So what’s best for you? Disposables or reusables? Earplugs or earmuffs? The first thing to do is find adequate protection. Second, make sure the hearing protector is compatible with other PPE or communication devices. And then there is the age-old challenge of compliance – making sure the hearing protection is comfortable and convenient enough to be accepted and worn, not found dangling around the neck, stuffed in a pocket or flipped up on hard hats. Despite decades of knowledge about the dangers of high noise and hearing loss, NIOSH declares occupational hearing loss the most common U.S. work-related illness in manufacturing.
Factors influencing hearing protection compliance:
- Ensure proper fit. Hearing protection that doesn’t fit is uncomfortable, irritating, and often not used.
- Make sure the hearing protection is right for the job. Know your work area noise exposure levels.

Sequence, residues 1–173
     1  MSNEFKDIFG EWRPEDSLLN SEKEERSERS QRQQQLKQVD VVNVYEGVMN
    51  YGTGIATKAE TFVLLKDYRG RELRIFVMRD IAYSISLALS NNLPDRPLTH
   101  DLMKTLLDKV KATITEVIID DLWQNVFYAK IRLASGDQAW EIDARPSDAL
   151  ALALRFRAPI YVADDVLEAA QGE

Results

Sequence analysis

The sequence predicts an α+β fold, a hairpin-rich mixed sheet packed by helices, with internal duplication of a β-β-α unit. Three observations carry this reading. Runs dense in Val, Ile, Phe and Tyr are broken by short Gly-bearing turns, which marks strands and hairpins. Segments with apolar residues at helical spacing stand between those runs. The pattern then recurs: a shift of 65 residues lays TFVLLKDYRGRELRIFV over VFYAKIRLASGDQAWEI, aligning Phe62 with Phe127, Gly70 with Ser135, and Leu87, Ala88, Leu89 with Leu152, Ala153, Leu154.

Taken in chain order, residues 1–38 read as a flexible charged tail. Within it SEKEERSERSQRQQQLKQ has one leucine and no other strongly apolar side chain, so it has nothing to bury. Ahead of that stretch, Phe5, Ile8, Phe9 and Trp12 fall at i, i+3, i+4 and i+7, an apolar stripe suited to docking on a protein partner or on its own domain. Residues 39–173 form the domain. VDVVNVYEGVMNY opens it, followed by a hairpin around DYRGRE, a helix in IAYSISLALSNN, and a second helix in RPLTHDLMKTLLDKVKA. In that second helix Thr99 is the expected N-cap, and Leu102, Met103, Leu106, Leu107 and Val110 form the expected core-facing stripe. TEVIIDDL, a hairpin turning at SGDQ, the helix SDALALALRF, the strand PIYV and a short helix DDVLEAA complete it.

- Don’t over-protect workers by giving them hearing protection that reduces noise levels more than is needed. Some workers will complain they can’t hear alarms or talk to co-workers.
- Are you required to use other over-the-head PPE? Hearing protectors need to be integrated with this equipment.
- Are you wearing gloves or do your hands get dirty? This can make using roll ‘em up ear plugs hard to handle.
- Do you work in tight or confined spaces? Use low-profile hearing protection so workers won’t remove it if it’s too bulky or awkward fitting.
- Is your work environment particularly hot or cold? Make sure hearing protection materials match the environment they’ll be used in.